It depends, say Michigan State University researchers.

In a new paper published in Methods in Ecology and Evolution, scientists show that conservation and construction decisions should rely on multiple approaches to determine waterbird “hotspots,” not just on one analysis method as is often done. Continue reading

Mosquitoes, Climate Change and Disease Transmission: How the Suitability Index P Can Help Improve Public Health and Contribute to Education

Post Provided by JOSÉ LOURENÇO

Esta publicação no blogue também está disponível em português



Vector-borne viruses (like those transmitted by mosquitoes) are (re)emerging and they’re hurting local economies and public health. Some typical examples are the West Nile, Zika, dengue, chikungunya and yellow fever viruses. The eco-evolutionary and epidemiological histories of these viruses differ massively. But they share one important factor: their transmission potential is highly dependent on the underlying mosquito population dynamics.

An ultimate challenge in infectious disease control is to prevent the start of an outbreak or alter the course of an ongoing outbreak. To achieve this, understanding the ecological, demographic and epidemiological factors driving a pathogen’s transmission success is essential. Without this information, public health planning is immensely difficult. To get this information, dynamic mathematical models of pathogen transmission have been successfully applied since the mid-20th century (e.g. malaria and dengue). Continue reading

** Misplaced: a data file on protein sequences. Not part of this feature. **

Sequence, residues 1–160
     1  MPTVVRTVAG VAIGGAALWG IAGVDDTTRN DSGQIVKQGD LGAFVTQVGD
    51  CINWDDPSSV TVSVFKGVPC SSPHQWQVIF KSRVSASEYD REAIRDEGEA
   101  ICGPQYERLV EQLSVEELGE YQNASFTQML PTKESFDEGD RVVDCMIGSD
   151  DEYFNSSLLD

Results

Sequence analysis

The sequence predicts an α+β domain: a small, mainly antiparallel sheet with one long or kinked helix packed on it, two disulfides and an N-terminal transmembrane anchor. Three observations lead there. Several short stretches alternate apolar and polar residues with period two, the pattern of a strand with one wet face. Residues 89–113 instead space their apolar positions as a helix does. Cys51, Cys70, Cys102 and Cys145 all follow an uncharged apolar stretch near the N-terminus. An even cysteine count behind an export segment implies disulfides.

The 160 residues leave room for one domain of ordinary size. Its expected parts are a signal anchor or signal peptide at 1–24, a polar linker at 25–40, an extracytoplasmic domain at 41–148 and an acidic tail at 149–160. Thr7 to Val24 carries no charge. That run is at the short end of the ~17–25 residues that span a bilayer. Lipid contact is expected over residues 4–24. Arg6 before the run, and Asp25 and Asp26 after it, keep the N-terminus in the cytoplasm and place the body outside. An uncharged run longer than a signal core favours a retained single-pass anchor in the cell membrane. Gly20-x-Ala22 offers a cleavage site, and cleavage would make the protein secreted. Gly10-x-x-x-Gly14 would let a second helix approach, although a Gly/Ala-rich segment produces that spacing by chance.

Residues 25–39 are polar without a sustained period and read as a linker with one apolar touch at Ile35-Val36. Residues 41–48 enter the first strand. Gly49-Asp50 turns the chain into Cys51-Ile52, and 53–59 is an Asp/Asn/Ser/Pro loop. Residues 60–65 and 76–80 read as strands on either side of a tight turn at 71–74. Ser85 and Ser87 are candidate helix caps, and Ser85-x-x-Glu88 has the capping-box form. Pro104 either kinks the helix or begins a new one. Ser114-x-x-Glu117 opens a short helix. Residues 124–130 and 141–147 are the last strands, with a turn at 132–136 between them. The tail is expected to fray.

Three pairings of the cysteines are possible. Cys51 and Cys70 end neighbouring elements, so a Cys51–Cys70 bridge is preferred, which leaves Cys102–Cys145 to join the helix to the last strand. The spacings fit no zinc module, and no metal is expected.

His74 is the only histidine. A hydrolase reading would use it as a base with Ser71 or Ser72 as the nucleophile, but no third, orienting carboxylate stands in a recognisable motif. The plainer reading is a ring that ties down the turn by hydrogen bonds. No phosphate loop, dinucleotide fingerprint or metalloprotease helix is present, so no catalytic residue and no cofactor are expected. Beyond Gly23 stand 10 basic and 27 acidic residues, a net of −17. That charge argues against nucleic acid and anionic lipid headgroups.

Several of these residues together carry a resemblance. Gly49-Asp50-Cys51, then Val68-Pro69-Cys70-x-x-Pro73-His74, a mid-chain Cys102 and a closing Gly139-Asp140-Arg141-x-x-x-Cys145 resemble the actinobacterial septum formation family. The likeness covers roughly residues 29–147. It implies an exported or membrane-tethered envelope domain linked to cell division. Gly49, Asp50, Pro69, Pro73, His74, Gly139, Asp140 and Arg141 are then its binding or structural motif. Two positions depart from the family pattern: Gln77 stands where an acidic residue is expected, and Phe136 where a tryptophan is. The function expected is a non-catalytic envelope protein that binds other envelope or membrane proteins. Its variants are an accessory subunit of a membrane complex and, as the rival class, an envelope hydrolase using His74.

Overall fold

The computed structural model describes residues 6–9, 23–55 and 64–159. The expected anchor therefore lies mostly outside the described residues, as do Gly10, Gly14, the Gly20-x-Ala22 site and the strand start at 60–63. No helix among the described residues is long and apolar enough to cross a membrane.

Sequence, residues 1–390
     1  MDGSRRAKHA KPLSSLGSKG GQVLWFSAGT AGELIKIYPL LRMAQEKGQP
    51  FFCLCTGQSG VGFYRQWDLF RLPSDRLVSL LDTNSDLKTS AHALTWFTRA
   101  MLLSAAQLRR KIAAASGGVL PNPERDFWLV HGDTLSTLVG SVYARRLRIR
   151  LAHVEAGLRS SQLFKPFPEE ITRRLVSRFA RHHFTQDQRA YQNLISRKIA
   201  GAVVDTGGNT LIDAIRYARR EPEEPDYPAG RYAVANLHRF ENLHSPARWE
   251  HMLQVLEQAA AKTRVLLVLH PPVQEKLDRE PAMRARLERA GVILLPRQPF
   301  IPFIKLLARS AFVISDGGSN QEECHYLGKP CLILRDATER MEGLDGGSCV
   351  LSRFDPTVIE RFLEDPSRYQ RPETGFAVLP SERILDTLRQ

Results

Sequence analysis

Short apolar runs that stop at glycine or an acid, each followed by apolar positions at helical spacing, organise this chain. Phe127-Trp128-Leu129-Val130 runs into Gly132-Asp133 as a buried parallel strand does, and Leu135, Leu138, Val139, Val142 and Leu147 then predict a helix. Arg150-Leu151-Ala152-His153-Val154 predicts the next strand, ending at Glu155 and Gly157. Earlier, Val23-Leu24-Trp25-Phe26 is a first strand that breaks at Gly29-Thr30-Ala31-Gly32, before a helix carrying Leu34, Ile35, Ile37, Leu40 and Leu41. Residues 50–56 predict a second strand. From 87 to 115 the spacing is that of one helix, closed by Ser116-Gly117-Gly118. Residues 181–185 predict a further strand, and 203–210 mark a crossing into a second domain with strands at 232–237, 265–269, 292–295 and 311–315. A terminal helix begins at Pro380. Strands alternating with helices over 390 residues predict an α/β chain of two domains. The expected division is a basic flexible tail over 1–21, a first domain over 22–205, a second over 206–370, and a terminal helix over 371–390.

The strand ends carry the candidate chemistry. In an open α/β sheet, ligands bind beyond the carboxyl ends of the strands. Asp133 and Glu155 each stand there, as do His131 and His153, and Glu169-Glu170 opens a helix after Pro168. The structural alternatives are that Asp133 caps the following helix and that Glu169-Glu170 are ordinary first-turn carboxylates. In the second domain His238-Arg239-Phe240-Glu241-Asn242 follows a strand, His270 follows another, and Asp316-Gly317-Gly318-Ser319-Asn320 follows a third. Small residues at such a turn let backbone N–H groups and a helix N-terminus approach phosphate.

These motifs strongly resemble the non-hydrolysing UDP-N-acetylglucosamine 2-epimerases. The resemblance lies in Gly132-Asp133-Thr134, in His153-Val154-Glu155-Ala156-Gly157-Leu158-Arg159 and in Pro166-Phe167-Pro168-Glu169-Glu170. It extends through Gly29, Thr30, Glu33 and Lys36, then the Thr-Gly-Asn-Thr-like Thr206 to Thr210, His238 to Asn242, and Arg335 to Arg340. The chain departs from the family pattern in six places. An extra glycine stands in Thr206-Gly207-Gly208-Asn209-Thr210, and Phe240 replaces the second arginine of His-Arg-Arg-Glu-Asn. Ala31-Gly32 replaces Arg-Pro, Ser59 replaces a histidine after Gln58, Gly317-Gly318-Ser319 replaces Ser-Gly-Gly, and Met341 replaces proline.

Mosquitos, o clima e a transmissão de patógenos: como o índice P pode contribuir para saúde pública e educação


This blog post is also available in English